Friday, September 19, 2014. Last Update: Thu 3:07 PM EST

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Language Corner

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… And so on

Explaining explanatory abbreviations

Today, we’re going to talk about what symbols, abbreviations, etc., to use when, i.e., you want to give a list... More

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‘They’ said so

Pronouns without sex

Whenever anyone who loves language wants to start a robust discussion, they have only to mention “gender-neutral pronouns,” such as... More

Addressee Unknown

Another comma goes AWOL

The Super Bowl is over, thank heavens, so all those incorrectly punctuated signs rooting for one team or another can... More

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Apparently not

The trouble with the apparent heart attack

The American Heart Association says that heart attacks kill about 1,200 people in the United States every day. In many... More

Appositive Negatives

Some things are not unique

Last week, we talked about setting a parenthetical description off with commas in the grammatical phenomenon known as an “appositive.”... More

Beggars Can Be Choosers

Questioning the questions

Every so often it’s important to revisit an issue, to clarify or modify it, depending on the circumstances. It “begs... More

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Bell curves

Lots of “ring” words

“You must be a ringer,” the journalism instructor told the student, who insisted that, though he had many years of... More

Bodily Functions

The scent of a language

The scene may have been a long coach ride or a London park bench on a hot day, but the... More

Boing!

Springing to the past

Spring has sprung The grass is riz; I wonder where the birdies is. That little ditty, or variations of it,... More

Call Me ‘Al’

Another confusing suffix

Is an appliance “electric” or “electrical”? Is Sarah Palin visiting “historic” sites or “historical” sites? Is being “politic” the same... More

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Career advice

On the fast track to ‘careen’

Two accidents, two verbs: In New Jersey, “The car careened down the street and smashed into several parked cars before... More

Conjunction-itis

What about ifs, ands, or buts?

Many generations of students have had certain grammar “truths” drilled into their little heads. One is the “myth” that infinitives... More

Degrees of Rejection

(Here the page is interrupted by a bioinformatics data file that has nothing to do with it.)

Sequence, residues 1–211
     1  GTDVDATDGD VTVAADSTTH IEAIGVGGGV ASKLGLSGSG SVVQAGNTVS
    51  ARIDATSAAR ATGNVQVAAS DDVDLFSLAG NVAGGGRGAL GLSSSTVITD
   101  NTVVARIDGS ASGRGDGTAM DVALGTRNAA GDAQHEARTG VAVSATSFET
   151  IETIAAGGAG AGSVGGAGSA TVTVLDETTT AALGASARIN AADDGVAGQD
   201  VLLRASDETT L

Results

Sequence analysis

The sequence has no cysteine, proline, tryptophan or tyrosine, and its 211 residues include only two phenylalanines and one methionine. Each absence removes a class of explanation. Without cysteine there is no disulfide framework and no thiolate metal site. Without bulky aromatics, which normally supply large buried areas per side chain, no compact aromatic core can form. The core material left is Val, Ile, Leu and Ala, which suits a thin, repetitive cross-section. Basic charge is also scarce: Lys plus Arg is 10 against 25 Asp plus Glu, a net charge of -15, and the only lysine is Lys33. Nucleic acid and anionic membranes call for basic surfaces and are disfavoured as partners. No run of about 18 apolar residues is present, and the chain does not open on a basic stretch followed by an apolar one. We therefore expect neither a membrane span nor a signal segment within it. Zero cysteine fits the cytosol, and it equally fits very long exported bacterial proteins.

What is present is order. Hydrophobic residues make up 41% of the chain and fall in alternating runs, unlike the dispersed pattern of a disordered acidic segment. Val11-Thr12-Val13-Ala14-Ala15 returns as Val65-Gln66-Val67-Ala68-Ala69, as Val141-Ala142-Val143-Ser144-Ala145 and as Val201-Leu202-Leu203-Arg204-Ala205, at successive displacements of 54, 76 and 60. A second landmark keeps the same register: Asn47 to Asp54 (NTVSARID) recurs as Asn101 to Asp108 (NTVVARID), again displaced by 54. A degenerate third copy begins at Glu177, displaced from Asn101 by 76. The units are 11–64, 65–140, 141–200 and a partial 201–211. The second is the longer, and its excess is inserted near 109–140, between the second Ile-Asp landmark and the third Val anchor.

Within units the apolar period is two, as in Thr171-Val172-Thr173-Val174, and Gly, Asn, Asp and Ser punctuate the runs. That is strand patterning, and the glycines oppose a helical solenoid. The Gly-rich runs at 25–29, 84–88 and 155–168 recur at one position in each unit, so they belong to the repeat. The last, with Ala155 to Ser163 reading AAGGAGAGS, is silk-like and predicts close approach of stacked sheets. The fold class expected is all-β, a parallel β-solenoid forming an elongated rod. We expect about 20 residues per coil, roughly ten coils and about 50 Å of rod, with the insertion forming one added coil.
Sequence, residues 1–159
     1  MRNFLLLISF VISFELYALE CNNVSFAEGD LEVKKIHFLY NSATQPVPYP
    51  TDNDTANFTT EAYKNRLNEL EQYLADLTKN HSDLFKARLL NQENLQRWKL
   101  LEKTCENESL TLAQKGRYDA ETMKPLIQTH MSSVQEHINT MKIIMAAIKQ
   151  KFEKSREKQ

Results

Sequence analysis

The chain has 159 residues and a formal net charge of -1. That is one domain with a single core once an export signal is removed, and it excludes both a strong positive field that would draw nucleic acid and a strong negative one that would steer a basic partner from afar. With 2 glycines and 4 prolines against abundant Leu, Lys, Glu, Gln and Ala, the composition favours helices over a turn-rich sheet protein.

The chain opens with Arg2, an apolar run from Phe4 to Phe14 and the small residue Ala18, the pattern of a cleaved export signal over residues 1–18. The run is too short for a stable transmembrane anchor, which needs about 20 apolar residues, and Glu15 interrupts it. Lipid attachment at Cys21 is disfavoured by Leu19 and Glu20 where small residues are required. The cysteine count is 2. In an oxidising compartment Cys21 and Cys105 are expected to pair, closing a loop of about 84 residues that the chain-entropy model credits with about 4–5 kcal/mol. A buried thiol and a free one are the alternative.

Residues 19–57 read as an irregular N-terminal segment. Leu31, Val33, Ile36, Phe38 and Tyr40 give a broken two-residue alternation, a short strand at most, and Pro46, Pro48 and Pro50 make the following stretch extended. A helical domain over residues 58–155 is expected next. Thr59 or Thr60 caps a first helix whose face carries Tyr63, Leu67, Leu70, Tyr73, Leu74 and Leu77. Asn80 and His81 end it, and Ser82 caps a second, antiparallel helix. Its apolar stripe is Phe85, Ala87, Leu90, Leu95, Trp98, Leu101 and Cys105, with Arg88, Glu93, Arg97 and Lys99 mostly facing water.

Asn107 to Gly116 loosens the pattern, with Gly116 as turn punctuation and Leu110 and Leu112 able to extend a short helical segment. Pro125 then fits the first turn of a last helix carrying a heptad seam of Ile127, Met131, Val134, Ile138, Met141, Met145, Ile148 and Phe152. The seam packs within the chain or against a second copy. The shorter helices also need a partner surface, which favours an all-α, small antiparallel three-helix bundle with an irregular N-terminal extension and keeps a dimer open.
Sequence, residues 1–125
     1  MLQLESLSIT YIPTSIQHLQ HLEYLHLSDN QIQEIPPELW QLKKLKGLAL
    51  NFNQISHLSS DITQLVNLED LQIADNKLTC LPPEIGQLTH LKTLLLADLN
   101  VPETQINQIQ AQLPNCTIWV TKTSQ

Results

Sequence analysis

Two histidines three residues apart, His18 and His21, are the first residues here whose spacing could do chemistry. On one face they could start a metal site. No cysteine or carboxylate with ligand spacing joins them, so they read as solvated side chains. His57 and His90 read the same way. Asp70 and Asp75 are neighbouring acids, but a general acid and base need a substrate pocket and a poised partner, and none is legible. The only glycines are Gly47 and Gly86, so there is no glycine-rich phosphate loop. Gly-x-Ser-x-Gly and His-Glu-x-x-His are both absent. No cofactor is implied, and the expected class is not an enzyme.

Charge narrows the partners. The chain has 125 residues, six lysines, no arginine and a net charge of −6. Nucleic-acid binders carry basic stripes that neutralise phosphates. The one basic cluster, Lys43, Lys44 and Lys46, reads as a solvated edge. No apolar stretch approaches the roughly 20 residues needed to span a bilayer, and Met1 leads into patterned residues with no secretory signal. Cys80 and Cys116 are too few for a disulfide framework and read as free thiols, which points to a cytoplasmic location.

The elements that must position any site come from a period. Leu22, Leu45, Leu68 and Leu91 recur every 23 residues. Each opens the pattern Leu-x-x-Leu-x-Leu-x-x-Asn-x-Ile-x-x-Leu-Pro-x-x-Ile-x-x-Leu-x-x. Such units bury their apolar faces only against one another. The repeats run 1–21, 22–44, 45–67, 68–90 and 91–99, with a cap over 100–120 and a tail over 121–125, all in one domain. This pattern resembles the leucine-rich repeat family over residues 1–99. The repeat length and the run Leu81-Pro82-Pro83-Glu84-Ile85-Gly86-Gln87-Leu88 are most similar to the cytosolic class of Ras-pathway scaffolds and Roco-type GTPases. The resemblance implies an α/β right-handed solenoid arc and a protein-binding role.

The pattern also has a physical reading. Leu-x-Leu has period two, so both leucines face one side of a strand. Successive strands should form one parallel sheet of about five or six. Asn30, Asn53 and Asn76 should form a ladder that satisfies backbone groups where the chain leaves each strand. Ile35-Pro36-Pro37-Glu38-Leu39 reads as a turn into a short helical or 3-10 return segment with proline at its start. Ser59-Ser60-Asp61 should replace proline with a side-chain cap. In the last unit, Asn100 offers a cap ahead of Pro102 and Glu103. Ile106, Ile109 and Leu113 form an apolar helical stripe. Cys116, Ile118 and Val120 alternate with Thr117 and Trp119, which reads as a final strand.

‘Refudiate’ may have a use after all

The “words of the year” lists are beginning to appear, and we’re generally going to ignore them, since those words... More

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Digging in

The etymology of a “clawback”

“Jamie Dimon: JPMorgan Will Likely Claw Back Pay From Responsible Executives,” the headline said. Dimon, JPMorgan’s chief executive, was telling... More

Duty Double

When nouns and verbs collide

Headlines are supposed to grab a reader’s attention and provide a fast synopsis of an article for a busy reader.... More

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Empty pockets

A phrase with several meanings

Max Crittenden posted on Language Corner’s Facebook page: I’m seeing some peculiar usage (misuse, to my mind) of the phrase... More

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En-gendered

Terms for sexual identity

Dealing with gender identity these days is a tricky business. And while we prefer to use “sex” to describe biological... More

Failure to Launch

Adding “ing” makes a noun, or not

When the “launch” of the space shuttle Endeavor finally occurs, many “posts” will appear on blogs and news sites around... More

False Tidals

Not-quite words for natural disasters

Disasters bring out the best in journalism and journalists, and the cataclysmic events in Japan are no different. But in... More

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For word

Little word, big meaning

“For” is a handy word. As a preposition, it has many functions: Webster’s New World College Dictionary lists 20... More

Stop using ‘Brooklyn’ to mean hipster neighborhoods - Elite-oriented outlets typically only cover the borough’s most affluent, Manhattan-adjacent neighborhoods

The Reporters Committee is about to start suing people to help journalists - Katie Townsend joins the organization as its first litigation director

How a Nebraska newspaper kicked off a major prison sentencing scandal - The Omaha World-Herald found that hundreds of inmates were being released early

On media freedom, United Nations plays by its own rules - Months of international crises raises the stakes for reporting on the UN, but investigative journalists remain without a right to information

Keep calm and write a headline worth reading - Ease up on the exaggerations because someday you may need those explosive adjectives when a truly big story lands


Apple’s ‘warrant canary’ disappears (GigaOm)

Apple included language in its first Transparency Report to say that it had not been subject to a Section 215 Patriot Act request. That language is now gone.

Trend Piece (New Yorker)

Buzzword, buzzword, buzzword. Isn’t the buzzword on your mind now? Perhaps it is on other people’s minds? Read on or you’ll be clueless, dated, and without any friends in the world. Buzzword again!

This Is How Joanna Coles Changed Cosmo (Refinery29)

The British reporter-turned-editor has made good on her promises to bring politics to the magazine, win some very big-deal journalism awards, and secure the most interesting exclusive interviews

Bloggingheads

Greg Marx discusses democracy and news with Tom Rosenstiel of the American Press Institute

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Who Owns What

The Business of Digital Journalism

A report from the Columbia University Graduate School of Journalism

Study Guides

Questions and exercises for journalism students.